US remains in control
Rallies past Serbia to stay unbeaten
BEIJING - Trailing in the deciding set against Serbia, the US men's volleyball team took a timeout so that coach Hugh McCutcheon could do some micromanaging.
It was time to concentrate on the little things and not the possibility of losing.
The US men responded to their coach and rallied to beat Serbia in five sets last night. The 20-25, 25-23, 21-25, 25-18, 15-12 victory propelled the team into the semifinal round against Russia.
McCutcheon had returned to the team Saturday after his father-in-law was killed and mother-in-law injured Aug. 9 at a popular Beijing tourist site. He missed the team's first three matches in Beijing.
The US team marked their shoes with the initials of Todd and Barbara Bachman, and then went to work, rolling through preliminary play. "He's always said, 'Control the things we can control.' We can't control any of what happened. We just had to put our heads down and play," said wing spiker Reid Priddy.
McCutcheon's influence on the team was no more apparent than against Serbia, when he was able to refocus the team when they most needed it.
"I think that we were so wrapped up in thinking we had to do something spectacular to stop that team," Priddy said.
With the win, the United States remains undefeated in Beijing with six straight victories.
The young Serbians came out determined, jumping ahead, 8-3, early and taking the first set when Clayton Stanley couldn't stop Milos Nikic's spike.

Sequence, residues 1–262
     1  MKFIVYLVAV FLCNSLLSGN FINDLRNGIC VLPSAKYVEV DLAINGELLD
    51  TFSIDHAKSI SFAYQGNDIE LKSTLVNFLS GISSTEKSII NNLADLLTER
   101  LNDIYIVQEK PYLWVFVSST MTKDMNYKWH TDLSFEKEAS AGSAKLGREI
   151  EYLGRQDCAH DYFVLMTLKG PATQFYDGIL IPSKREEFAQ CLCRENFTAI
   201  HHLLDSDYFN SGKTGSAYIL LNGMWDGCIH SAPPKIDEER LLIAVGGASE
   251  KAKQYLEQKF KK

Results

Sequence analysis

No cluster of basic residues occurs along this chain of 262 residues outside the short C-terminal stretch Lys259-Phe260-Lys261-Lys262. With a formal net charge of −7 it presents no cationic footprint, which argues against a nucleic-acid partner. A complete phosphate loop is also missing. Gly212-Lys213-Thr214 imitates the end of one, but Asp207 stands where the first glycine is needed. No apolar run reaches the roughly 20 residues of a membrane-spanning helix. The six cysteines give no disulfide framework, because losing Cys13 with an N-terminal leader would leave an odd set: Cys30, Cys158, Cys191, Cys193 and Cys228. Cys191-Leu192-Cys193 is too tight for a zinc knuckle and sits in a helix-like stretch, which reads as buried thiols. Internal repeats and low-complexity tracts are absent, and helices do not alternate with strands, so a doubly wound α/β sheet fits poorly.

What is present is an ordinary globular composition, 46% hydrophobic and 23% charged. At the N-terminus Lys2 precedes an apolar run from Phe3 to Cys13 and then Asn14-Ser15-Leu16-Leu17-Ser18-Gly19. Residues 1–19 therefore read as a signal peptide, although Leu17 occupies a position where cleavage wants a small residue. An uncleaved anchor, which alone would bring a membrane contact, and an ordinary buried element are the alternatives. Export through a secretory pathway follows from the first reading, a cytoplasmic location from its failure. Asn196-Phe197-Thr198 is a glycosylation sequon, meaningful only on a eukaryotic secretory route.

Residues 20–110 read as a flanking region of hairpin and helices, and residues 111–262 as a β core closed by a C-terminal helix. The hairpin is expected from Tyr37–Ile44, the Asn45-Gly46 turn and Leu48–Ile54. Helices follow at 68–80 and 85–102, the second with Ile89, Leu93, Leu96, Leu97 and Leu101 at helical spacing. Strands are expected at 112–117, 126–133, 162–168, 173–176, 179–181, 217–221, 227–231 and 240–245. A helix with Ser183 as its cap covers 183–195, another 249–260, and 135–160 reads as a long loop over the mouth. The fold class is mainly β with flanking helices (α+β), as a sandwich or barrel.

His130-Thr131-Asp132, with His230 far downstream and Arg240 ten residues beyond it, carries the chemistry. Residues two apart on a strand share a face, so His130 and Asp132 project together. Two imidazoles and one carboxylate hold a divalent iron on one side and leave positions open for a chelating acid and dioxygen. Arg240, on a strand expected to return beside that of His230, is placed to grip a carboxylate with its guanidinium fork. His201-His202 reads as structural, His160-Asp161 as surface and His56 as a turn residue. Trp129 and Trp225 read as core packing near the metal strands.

The US team made adjustments in the second and led for most of the way until Riley Salmon's unsuccessful spike put Serbia ahead, 19-18. The United States came out on top, however, when Nikic couldn't block Priddy's spike.
The Serbians were persistent in the third, coming from behind to win it on Dejan Bojovik's ace. But the United States regained its focus in the fourth, which was won on Stanley's ace.
In the deciding set, Serbia took a 7-4 lead, and it appeared the momentum was all theirs. But the US men took a timeout to regroup, and Stanley's key block made it 13-10. From there, the Americans finished off Serbia on Salmon's spike.
"I'd be lying if I said we weren't anxious," Priddy said. "I don't think nervous is the right word for it. I don't think there is a word for it."
Russia will be similarly difficult, veteran Lloy Ball said.
"Getting a team like Russia, it's tough to go 3-0," he said. "We feel the longer we stay on the court, the better chance we have."
The Americans won Olympic gold medals in 1984 and 1988 and the bronze in 1992. But the closest they've gotten since then was a fourth-place finish in 2004.
Serbia, which won the gold medal in 2000, finished 2-4 in Beijing.
"I believe we shall long have regrets about this match," Serbian coach Igor Kolakovic said. "We were close to a win and to enter the semifinals, but the US played very well at the end of each set."
Brazil plays Italy in the other semifinal match tomorrow.